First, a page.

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1) U.S. Equity Indices | December 2015 KEY HIGHLIGHTS • • • • The S&P 500® decreased 1.75% in December, bringing its YTD return to -0.73%. The Dow Jones Industrial Average® returned -1.66% this month and was off 2.23% YTD. The S&P MidCap 400® was down 4.33% for the month and 3.71% YTD. The S&P SmallCap 600® returned -4.95% in December, bringing its YTD return to -3.36%. Exhibit 1: Index Returns Index 1-Month (%) YTD (%) 2-Year (%) S&P 500 -1.75 -0.73 10.58 Dow Jones Industrial Average -1.66 -2.23 5.12 S&P MidCap 400 -4.33 -3.71 4.17 S&P SmallCap 600 -4.95 -3.36 0.93 Source: S&P Dow Jones Indices LLC. Data as of Dec. 31, 2015. Past performance is no guarantee of future results. Table is provided for illustrative purposes. Returns shown are price returns. MARKET SNAPSHOT 2015 is in the history books, and as the bubbly goes down, a (somewhat) sobering reflection emerges. For 2015, the S&P 500 was down 0.73%, as the last trading day of the year posted a 0.94% decline, putting the year into the red. The annual decline, however, was after three years of double-digit gains and a bull market that is 82 months old (the average is 59), with the index closing 4.08% off its all-time closing high, set on May 21, 2015, at 2,130.82. So, if 2015 was the payback, fine; however, if the economy slows even more, and if either Europe or China slide, year-end 2015 could mark the start of a decline. By year-end 2015, oil got comfortable with the mid-to-upper USD 30s, as several research reports got comfortable with USD 20 projections (oil was at USD 53 at the beginning of the year and USD 105 in June 2014). In 2015, two-thirds of the issues moved at least 10%, and over one-quarter moved at least 25%—it will be interesting to see who did what (look for old-fashioned advertisements in newspapers declaring the victories). Contributor: Howard Silverblatt, Index Investment Strategy, Senior Industry Analyst, howard.silverblatt@spdji.com S&P Dow Jones Indices’ Market Attributes® series provides market commentary highlighting developments across various asset classes.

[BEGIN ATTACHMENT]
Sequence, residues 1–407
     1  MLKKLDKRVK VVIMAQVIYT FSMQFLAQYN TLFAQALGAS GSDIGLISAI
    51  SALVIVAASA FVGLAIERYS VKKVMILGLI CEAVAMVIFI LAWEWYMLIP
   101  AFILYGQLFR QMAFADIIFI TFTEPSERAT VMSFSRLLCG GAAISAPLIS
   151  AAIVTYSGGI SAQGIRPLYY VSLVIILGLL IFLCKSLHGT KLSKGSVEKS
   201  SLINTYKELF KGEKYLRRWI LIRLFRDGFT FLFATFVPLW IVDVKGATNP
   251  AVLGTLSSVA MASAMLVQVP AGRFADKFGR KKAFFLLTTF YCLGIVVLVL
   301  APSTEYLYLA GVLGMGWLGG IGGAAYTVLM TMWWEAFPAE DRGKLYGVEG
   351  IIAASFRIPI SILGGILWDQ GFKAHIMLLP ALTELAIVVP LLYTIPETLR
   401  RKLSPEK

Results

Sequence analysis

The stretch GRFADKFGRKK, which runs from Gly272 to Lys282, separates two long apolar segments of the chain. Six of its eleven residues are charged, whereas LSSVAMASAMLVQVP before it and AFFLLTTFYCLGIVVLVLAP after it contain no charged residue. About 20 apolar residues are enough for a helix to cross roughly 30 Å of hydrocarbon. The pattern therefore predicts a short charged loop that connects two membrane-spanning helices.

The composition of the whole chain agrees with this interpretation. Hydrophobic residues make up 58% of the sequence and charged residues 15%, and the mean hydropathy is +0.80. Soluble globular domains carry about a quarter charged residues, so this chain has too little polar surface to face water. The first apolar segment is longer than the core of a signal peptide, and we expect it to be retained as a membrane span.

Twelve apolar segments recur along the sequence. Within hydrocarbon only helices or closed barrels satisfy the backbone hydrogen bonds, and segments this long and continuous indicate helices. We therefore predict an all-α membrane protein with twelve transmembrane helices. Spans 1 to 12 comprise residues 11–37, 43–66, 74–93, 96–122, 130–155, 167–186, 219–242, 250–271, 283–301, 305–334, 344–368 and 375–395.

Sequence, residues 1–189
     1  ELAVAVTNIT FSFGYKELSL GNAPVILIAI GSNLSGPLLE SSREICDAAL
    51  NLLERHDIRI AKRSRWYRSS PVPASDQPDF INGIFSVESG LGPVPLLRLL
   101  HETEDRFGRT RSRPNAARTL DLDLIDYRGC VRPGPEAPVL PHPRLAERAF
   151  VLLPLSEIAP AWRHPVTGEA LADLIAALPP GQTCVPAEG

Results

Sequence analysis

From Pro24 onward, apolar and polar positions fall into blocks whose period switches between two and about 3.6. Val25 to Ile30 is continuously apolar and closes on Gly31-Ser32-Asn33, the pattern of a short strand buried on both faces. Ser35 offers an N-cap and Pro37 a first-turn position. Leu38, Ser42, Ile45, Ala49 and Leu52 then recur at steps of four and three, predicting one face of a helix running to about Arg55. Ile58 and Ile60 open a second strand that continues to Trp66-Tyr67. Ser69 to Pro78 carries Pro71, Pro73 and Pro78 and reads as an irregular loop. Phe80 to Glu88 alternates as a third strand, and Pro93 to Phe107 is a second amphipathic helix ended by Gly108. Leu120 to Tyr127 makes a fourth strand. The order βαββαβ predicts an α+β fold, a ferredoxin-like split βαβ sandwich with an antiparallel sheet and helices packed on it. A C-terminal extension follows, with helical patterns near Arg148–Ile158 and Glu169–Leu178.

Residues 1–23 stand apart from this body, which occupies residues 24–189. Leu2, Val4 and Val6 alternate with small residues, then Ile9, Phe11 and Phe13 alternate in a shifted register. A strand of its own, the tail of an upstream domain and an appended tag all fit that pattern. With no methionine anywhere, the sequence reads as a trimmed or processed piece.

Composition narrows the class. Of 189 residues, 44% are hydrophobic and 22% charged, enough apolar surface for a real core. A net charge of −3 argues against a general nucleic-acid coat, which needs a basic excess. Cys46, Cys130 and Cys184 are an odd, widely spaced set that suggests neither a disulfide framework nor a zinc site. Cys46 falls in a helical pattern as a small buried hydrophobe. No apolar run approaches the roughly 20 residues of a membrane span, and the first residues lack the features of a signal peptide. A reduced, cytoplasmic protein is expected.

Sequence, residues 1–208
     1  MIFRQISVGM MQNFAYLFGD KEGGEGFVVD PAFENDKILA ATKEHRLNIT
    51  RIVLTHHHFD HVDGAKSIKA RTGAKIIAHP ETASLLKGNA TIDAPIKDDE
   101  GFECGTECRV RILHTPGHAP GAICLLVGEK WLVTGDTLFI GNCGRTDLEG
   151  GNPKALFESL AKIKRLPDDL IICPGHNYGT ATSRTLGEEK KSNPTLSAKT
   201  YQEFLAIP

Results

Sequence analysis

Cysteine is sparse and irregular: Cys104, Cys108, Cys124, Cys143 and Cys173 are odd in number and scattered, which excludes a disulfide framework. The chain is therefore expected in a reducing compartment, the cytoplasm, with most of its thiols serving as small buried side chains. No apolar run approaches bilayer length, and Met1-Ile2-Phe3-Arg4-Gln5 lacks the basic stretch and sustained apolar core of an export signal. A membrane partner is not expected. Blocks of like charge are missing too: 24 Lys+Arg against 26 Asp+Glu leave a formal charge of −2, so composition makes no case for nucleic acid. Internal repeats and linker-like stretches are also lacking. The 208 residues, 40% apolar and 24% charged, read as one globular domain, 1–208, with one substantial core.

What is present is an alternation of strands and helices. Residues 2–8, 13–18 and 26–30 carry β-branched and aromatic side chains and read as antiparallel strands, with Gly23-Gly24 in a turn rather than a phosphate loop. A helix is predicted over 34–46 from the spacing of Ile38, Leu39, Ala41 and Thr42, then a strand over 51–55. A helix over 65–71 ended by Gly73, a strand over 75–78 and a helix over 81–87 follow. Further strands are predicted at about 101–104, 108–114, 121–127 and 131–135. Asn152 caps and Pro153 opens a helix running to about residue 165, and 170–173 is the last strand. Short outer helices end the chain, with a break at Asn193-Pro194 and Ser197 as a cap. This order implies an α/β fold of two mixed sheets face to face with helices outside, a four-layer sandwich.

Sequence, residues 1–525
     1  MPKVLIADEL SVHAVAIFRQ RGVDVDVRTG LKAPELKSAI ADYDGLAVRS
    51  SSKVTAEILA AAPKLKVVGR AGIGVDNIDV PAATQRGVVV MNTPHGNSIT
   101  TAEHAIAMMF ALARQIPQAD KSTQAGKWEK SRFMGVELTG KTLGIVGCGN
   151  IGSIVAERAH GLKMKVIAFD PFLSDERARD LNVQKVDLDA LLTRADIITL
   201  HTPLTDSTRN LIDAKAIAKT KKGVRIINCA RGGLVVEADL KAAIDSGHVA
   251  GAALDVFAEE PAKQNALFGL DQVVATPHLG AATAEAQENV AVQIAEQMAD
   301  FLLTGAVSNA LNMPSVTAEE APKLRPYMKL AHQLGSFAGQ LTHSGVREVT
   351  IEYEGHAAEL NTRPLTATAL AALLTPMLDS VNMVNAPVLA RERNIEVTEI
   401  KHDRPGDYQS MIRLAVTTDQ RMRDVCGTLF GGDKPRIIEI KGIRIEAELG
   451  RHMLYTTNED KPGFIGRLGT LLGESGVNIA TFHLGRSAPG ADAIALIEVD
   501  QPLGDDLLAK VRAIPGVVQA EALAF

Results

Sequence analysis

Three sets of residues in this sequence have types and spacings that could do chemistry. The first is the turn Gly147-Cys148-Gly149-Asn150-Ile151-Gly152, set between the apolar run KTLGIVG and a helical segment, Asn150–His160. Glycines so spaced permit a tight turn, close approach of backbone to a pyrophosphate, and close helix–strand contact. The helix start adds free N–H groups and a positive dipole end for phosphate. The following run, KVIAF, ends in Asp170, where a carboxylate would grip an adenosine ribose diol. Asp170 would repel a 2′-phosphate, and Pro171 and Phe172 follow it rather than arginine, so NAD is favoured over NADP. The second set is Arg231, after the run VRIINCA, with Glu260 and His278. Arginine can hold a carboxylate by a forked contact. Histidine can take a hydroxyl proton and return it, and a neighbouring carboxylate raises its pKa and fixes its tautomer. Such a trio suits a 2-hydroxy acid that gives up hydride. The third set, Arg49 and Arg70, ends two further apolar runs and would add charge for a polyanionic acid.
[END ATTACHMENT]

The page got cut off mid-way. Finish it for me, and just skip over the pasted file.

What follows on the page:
2) Market Attributes | U.S. Equities December 2015 M&A deals continued, and 2015 was already a record year by November; while a slowdown is expected, it would be from a record level. As for 2016, there appear to be many issues to watch and think about (we’ll see about trading). The Fed’s interest rate increase schedule should be topic one, but the decision will be based on the data—so keeping your eye on the data (and the trades) may be key. New borrowing for future needs (beyond 2016, as interest rates remain low but are expected to increase) should start to show itself about halfway through the year, once we see what the Fed is doing. A reduction in M&A from the record-setting 2015 is expected, but it should remain at a high level; inversion rules may be more public talk than enforceable rules. Another thing to watch for would be the IMF’s addition of the Chinese yuan to the currency basket, set for Oct. 1, 2016. In economic news, there was a rare case of “expect and you shall get,” as the U.S. Fed increased interest rates by 0.25%, which had been expected by almost everyone, and markets moved up on the expected, and actual, event. The increase then replaced one unknown question (“When will they start?”) with another question (“When is the next one?”), with concerns over oil, corporate earnings, and spending continuing in the background. As for the Fed statement and guidance, it was as close to scripted as could have been hoped (or traded) for. The Fed saw the economy as stronger and expected it to improve in 2016, with the unemployment rate expected to continue to decrease, and a few economists commenting that low unemployment could cause a spike in inflation. The Fed guided toward four increases of 0.25% each in 2016—or at least that was the Street’s interpretation. The economic takeaway was for a slow, steady, and data-dependent series of interest rate increases, which removed some uncertainty—a scenario the Street could live with. In other economic news, the IMF, as expected, announced the addition of the Chinese yuan to its currencies of lending reserve, effective Oct. 1, 2016, while China said it would double the trading hours for the yuan in preparation. In China, the official November Manufacturing PMI fell to 49.6 from 49.8, while the Services PMI increased to 53.6 from 53.1, and Chinese exports declined (6% year-over-year in November), as did imports (down 8.7% year-over-year in November). Industrial production came in higher than expected, coming in up 6.2% year-over-year in November, when a lower rate of 5.7% was expected. Japan revised its GDP to a rate of up 1.0% from the initially released 0.8% decline, meaning it was not in a recession. The 19 EU nations grew 0.3% for the third quarter, which was down from the second quarter’s 0.4% gain, as the U.K. came in with an annual rate of 2.1%. The ECB reduced the bank deposit rate to -0.30% from the previous -0.20%, as it extended its asset buying by six months (to March 2017), but it failed to increase the USD 63 billion level of monthly buying—which was expected (helped by ECB President Draghi’s “whatever it takes” attitude). Since the market is all about expectations, markets retreated on the news, with the euro moving up. The Bank of Japan slightly increased its quantitative easing program by buying longer-term bonds (from 7-year to 10-year maturities to 7-year to 12-year maturities). The People’s Bank of China estimated that China would grow 6.8% in 2016, slightly down from the prior expectation of 6.9%. In the U.S., the third and final report on third-quarter GDP came in as expected, at 2.0%. The ISM Non-Manufacturing Index for November disappointed (coming in at 55.9, when a level of 59.1 was expected), as did the ISM manufacturing report (coming in at 48.6, when 50.5 was expected). Construction Spending for October came in stronger than expected, up 1.0% for the month, when a 0.6% gain was expected, as the year-over-year increase was 13.0%. The U.S. November employment report posted 211,000 net new jobs, when 190,000 new jobs were expected for the month, and construction jobs were up (46,000), with most of that gain in residential construction (26,000). The unemployment rate was flat (at 5.0%; 7.9 million workers), as the average hours worked slightly declined to 34.5 from an upwardly restated 34.6 last month, which was originally reported at 34.5, with the average hourly wage increasing 0.2% (to USD 25.25). November exports declined more 2